Gene Ther. 2009 Oct;16(10):1234-44. Epub 2009 Jul 23.

Intrathecal transplantation of human neural stem cells overexpressing VEGF provide behavioral improvement, disease onset delay and survival extension in transgenic ALS mice.

Hwang DH, Lee HJ, Park IH, Seok JI, Kim BG, Joo IS, Kim SU.

Brain Disease Research Center, Ajou University School of Medicine, Suwon, Korea.

Amyotrophic lateral sclerosis (ALS) is the most common adult onset motoneuron disease. The etiology and precise pathogenic mechanisms of the disease remain unknown, and there is no effective treatment. Vascular endothelial growth factor (VEGF) has recently been shown to exert direct neurotrophic and neuroprotective effects in animal models of ALS. Here we show that intrathecal transplantation of immortalized human neural stem cells (NSCs) overexpressing human VEGF gene (HB1.F3.VEGF) significantly delayed disease onset and prolonged the survival of the SOD1G93A mouse model of ALS. At 4 weeks, post-transplantation grafted cells were found within the gray matter of the spinal cord. Furthermore, transplanted F3.VEGF cells that express neuronal phenotype (MAP2+) were found in the anterior horn of the spinal cord gray matter indicating that the transplanted human NSCs migrated into the gray matter, took the correct structural position, integrated into the spinal cord anterior horn and differentiated into motoneurons. Intrathecal transplantation of F3.VEGF cells provides a neuroprotective effect in the diseased spinal cord by concomitant downregulation of proapoptotic proteins and upregulation of antiapoptotic proteins. Our results suggest that this treatment modality of intrathecal transplantation of human NSCs genetically modified to overexpress neurotrophic factor(s) might be of value in the treatment of ALS patients without significant adverse effects.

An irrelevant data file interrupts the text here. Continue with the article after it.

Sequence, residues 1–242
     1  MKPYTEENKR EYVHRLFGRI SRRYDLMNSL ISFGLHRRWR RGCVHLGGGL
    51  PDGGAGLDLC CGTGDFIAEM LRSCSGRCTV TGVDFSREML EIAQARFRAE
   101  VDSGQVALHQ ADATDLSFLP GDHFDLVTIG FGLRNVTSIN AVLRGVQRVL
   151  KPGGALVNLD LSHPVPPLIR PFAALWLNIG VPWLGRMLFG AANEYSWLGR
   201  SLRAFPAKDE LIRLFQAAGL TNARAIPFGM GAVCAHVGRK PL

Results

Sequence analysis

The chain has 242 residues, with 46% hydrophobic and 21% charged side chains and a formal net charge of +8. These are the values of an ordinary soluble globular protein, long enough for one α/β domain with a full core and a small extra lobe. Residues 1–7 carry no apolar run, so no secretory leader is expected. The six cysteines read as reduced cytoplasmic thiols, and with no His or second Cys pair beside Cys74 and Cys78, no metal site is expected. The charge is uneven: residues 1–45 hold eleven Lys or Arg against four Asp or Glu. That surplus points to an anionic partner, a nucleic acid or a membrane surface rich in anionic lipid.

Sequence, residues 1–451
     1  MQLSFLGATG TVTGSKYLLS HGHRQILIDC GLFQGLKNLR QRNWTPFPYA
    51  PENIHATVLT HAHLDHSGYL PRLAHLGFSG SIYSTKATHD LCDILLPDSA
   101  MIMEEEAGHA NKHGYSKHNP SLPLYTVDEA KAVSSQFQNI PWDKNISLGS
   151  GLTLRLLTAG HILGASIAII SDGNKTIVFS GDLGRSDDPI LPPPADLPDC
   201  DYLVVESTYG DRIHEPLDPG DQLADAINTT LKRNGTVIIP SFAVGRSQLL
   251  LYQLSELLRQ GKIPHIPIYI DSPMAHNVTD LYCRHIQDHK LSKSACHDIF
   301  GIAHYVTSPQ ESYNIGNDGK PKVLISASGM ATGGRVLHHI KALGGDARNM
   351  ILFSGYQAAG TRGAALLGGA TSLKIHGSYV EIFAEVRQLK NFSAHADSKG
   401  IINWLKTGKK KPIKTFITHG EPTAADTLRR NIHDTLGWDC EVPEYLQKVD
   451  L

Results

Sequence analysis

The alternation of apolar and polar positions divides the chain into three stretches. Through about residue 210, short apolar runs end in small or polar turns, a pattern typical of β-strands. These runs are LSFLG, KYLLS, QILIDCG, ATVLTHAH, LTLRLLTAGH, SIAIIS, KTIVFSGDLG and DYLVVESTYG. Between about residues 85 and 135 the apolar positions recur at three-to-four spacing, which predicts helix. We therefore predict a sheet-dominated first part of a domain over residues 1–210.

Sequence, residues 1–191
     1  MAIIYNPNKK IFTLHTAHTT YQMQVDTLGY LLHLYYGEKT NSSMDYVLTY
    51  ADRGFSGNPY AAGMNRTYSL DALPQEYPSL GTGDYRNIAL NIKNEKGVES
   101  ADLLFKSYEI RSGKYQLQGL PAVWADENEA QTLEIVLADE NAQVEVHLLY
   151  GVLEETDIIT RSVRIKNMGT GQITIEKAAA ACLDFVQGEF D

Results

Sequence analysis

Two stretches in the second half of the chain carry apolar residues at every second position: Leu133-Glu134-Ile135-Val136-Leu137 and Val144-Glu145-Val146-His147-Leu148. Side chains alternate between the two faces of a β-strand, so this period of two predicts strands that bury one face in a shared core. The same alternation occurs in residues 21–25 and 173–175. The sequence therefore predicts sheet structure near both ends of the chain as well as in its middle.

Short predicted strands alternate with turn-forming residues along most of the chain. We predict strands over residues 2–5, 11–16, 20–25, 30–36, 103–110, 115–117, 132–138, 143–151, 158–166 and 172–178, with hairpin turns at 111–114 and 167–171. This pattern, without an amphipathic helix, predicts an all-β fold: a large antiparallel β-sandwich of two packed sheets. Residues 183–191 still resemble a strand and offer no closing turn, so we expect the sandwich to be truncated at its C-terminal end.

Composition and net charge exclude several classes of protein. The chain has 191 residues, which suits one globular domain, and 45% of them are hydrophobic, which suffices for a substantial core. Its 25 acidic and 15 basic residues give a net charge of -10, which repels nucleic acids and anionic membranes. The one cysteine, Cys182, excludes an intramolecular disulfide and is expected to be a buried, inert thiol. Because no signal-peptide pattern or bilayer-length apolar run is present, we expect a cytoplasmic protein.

PMID: 19626053 [PubMed – indexed for MEDLINE]